- Material Layers: An unlimited number of material layers can be assigned to a mesh (lambert materials). However, good practice would limit the number of assigned materials to less than 4 on heavily used props. 'Hero' type props can contain more.
If your mesh contains four ColorSet1 vertex assigned color channels or four material layers, assign four materials in the material selector. Any materials created in the Retrovirus editor can be assigned using the '+' button. Materials are projected based on the Texture Mapping Option on the Model tab of the prop editor (see above).
- '+' - Add a new material to your base mesh.
- '++' - Duplicate a selected material.
 Material Properties
- Name - Assign a name for your material.
- Material - Assign a material.
- Diffuse - Tints diffuse material.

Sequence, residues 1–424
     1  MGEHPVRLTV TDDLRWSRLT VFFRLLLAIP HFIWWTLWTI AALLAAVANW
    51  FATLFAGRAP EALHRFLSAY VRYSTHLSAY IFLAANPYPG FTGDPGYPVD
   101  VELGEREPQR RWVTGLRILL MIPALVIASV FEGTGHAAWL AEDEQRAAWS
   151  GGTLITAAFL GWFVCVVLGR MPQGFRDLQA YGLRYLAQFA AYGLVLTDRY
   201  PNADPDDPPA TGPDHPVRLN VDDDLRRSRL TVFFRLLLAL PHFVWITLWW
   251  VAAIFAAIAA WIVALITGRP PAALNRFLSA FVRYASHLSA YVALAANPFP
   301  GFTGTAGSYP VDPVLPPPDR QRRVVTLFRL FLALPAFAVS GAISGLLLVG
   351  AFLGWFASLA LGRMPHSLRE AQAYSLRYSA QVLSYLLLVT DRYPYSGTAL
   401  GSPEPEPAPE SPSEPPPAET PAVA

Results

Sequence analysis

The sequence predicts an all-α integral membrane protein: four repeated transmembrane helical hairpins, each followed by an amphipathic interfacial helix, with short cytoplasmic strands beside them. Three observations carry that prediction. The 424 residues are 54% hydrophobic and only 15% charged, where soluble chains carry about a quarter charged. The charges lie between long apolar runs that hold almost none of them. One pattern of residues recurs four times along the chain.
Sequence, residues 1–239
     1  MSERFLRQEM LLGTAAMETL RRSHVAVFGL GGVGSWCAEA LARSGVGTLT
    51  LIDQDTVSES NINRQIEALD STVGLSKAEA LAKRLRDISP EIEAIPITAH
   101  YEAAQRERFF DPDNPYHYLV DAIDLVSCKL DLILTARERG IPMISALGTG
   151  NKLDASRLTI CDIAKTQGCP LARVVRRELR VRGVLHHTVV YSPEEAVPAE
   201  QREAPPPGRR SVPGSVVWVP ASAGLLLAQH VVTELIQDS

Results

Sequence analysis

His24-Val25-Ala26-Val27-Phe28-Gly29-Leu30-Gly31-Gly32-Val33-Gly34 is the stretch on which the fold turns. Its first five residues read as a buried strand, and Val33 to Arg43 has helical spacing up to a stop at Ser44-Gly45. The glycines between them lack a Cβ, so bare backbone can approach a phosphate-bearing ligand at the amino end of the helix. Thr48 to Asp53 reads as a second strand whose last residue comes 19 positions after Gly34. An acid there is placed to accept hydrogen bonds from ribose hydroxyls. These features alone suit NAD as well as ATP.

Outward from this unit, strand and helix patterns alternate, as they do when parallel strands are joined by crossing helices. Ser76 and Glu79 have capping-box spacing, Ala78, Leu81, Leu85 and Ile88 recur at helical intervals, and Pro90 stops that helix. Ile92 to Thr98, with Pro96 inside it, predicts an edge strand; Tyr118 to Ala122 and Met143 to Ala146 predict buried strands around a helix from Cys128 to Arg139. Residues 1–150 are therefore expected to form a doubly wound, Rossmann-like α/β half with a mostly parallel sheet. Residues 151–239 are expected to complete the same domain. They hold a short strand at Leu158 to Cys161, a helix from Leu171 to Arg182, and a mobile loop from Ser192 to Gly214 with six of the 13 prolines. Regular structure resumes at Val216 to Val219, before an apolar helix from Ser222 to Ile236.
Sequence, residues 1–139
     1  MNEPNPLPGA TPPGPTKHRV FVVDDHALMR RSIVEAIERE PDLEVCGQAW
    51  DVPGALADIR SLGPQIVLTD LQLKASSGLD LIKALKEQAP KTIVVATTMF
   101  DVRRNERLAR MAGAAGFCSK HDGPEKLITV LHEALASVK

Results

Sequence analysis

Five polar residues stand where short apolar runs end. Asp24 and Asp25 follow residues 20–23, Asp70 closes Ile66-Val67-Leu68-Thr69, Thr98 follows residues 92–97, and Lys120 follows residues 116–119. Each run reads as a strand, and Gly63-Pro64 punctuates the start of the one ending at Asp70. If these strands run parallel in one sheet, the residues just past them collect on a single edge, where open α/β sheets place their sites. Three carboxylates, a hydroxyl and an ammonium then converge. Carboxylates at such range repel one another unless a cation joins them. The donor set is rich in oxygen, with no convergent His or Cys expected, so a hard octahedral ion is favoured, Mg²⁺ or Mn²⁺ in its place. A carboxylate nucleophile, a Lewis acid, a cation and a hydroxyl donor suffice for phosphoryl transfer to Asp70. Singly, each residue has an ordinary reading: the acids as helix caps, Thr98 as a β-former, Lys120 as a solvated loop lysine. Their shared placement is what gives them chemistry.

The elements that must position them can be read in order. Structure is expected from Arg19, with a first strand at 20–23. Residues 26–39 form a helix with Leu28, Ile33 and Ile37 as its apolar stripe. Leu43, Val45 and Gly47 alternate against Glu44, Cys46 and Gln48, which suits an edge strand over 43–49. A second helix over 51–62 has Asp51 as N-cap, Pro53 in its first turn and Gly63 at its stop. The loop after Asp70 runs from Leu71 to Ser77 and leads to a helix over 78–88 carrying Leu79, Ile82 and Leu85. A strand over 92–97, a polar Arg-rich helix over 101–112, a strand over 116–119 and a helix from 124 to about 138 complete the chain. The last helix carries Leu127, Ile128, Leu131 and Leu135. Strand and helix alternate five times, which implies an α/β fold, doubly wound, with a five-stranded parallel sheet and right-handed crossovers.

- Emissive - Tints emissive material.
- Emissive Boost - Boosts the brightness multiplier on the emissive causing emissive areas to appear to glow. Adjust this value for additional bloom effect.
- Hide - If you wish to hide part of a mesh based on it's material ID, toggle on the hide feature.
- Double Sided - Backfaces are culled automatically. If you wish to have a mesh's material double sided to bypass this culling, for use in blended objects, select this option.
- Blended - Enables a material as a blended material.
- Alpha - Adjusts the opacity of a blended material.
- Sort Offset - Sets the sort offset of a blended material so that blended materials sort appropriately with other blended objects in a scene. Evan small values such as a sort offset of 0.1 can fix most sorting issues.
- Distortion - Enables a post process distortion shader which reads in the normal map.